From Lion King fruit to bursting seaweed balls, Laura Martin hunts down the latest crazes on the food scene
Just think, a few years ago we had no idea of the joy that salted caramel would bring, or how kimchi would improve everything it touched, and frankly I wouldn’t want to live in a world where there had been no gourmet burger revolution.
So with 2015 just around the corner, what are the next food trends going to be? I headed to a UK food show to find out.
Bursting seaweed balls
Not something I ever imagined would be gracing my dinner plate but, yes, bursting seaweed balls are a thing now. Ever had a bubble tea? They’re very popular in Asia and are essentially little sweet jelly or tapioca balls to be sucked up from the bottom of juices, milks and iced tea. These are similar, but more seaweedy (if that's a word).
The Tea Shed have developed Popaball Bursting Bubbles, balls made from seaweed extract and filled with five juicy flavours: lychee, passionfruit, strawberry, blueberry and green apple. They burst in the mouth and are bound to be a big hit for party people over Christmas and New Year, as Popaball recommends dropping them into cocktails for an explosive garnish.
Egg white crisps
We’ve had kale crisps, lentil crisps and fruit crisps … and now there’s one more ingredient that’s been crisp-i-fied: egg whites. Chirps (just launched by Two Chicks) are free-range egg white bites and come in a few flavours: sea salt and cracked black pepper, smoky jalapeño, or sour cream and chives. And the bonus? The makers say they're higher in protein than normal crisps and lower in carbs. Just don’t take that as an invitation to eat your own body weight in them, OK?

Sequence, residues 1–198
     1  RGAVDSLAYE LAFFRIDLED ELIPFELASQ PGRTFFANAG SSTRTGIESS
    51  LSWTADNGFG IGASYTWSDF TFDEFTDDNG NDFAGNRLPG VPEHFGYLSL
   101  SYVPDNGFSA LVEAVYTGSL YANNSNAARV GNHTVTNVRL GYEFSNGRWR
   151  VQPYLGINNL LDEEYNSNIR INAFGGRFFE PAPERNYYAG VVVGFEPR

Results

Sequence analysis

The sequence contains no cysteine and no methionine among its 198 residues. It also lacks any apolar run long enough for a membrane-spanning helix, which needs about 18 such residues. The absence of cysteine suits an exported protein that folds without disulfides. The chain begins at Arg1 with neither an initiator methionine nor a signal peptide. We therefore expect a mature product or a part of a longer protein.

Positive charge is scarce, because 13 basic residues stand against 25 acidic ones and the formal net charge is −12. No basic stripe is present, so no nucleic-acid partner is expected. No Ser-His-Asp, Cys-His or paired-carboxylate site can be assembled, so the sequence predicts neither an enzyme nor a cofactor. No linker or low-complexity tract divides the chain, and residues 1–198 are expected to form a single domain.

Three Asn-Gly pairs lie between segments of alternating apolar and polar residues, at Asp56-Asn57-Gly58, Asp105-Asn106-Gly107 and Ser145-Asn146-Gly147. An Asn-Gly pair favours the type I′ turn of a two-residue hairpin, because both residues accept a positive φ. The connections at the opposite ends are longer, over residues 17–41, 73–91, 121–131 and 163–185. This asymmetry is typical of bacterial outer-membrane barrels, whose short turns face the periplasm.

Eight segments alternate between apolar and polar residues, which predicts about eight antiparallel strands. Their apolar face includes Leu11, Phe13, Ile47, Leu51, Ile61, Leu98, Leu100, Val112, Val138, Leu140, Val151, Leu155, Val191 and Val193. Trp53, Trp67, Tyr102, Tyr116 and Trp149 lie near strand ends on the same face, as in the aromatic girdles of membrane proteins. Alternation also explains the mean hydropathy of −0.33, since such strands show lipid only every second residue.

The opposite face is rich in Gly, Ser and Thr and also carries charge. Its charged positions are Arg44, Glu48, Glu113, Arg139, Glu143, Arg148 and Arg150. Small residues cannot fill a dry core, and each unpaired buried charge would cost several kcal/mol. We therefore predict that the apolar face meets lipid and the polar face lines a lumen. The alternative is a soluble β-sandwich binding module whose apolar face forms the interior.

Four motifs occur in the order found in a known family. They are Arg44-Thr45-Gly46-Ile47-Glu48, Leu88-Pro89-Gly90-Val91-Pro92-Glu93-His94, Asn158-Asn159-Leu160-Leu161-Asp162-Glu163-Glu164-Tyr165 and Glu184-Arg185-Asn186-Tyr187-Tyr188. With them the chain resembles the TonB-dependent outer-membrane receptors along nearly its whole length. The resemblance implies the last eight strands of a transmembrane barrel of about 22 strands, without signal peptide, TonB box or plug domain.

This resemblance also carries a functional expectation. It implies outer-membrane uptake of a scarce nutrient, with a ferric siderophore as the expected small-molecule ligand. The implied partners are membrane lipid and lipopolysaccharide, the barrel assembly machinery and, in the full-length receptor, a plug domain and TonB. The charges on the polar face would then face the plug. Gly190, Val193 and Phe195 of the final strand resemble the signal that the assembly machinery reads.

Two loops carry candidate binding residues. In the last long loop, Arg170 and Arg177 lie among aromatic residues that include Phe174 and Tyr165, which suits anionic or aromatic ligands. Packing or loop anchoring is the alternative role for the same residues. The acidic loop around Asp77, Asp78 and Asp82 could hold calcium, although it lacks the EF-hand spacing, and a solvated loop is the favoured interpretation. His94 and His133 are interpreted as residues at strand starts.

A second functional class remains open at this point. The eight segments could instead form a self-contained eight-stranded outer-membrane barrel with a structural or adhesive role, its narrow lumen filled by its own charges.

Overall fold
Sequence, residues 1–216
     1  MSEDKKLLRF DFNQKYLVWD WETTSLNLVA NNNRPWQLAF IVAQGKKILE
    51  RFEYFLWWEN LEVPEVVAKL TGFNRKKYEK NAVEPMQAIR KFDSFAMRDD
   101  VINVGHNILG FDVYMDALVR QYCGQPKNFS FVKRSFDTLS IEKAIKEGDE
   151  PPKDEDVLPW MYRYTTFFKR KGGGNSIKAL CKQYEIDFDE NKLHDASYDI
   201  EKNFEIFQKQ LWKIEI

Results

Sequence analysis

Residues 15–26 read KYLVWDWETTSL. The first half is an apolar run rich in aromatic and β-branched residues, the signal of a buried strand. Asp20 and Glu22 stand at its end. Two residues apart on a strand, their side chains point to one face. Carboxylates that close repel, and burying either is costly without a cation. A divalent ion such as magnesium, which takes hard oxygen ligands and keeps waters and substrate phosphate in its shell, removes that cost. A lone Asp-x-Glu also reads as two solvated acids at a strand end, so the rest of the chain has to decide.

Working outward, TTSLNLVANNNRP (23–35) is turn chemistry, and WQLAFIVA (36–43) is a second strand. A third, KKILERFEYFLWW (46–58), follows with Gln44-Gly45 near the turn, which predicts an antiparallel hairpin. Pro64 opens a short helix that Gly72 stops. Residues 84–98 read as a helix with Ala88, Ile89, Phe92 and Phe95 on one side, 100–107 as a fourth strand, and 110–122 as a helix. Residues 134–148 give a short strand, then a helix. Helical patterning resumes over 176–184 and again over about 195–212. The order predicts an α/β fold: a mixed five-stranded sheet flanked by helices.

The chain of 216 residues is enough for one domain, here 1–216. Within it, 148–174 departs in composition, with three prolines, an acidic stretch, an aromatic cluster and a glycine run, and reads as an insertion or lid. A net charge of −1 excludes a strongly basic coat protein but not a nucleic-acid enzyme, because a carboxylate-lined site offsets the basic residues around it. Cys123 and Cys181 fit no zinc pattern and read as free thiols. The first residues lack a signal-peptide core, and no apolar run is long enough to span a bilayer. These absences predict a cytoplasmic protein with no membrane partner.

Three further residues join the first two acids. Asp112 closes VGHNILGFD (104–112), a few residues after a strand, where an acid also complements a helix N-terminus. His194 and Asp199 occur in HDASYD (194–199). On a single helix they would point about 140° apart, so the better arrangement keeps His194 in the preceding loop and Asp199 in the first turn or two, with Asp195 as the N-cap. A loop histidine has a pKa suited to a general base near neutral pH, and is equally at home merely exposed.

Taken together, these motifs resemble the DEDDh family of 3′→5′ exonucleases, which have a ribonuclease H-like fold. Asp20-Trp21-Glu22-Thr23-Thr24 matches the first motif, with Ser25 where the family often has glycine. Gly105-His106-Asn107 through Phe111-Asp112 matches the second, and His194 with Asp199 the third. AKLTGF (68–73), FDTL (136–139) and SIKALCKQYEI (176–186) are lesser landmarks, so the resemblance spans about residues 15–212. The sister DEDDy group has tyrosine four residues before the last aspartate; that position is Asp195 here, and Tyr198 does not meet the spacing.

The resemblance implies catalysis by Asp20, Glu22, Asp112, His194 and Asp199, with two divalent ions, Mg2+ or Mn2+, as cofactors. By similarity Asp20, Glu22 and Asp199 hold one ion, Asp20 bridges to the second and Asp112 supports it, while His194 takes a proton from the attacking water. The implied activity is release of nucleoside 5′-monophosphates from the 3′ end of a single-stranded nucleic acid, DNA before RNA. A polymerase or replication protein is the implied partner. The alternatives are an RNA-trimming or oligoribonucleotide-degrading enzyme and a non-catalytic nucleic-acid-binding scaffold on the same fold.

There hasn’t been a revolution in spices this exciting since the Spice Girls' Wannabe. Spice Drops are concentrated extracts of spices that make it easy to infuse flavours into foods and drinks without discolouring or adding weird textures. Essentially, that means no more surprises in your curry when you crunch down on a whole stick of lemongrass, and your hands will be garlic-free.
A spokesperson from Holy Lama told me: “We’re a family business that’s been running for 70 years in Kerala, India and the spices are cold pressed and extracted. You can drop them in to water for drinks or you can used them in place of dry spices, like our tikka masala drops into a curry.” Interesting.
Probiotic yoghurt is such old news. Sorry, Gok Wan, but I’m strictly going to be munching on frozen kefir from now on. Kefir originates from eastern Europe and is a fermented milk drink (stay with me) which balances your inner ecosystem.
Now, the fine folk at Lifeway have come up with frozen kefir: said to rival frozen yoghurt, it packs in 10 live and active probiotic cultures, is 99% lactose-free and also happens to taste pretty banging too. I tucked into the vanilla flavour and it was only the shame of eating so much the first time round that stopped me asking for seconds.
“Eh? What’s that?” I enquired. Thankfully Chandni Sanghani from Aduna is on hand to explain. “You know in The Lion King? Well, it’s the fruit from Raifiki’s tree,” she says Ahh, right. She continues: “It’s known as the tree of life and it produces baobab.”
The odd-looking brown fruit bakes in the sun on the branch for six months then its insides are powdered to make one of the most nutrient-dense foods there is. This is something they’ve known about in north Africa for centuries, but it's only just being launched in the UK.
I had a little taste of the powder and it sort of tastes like lemon sherbet – which must mean it’s going to be a hit with kids too. Chandni suggests: “You can mix it into porridge, muesli, yoghurt, smoothies, juices … ” Good idea – no wonder they’re on a mission to make it famous.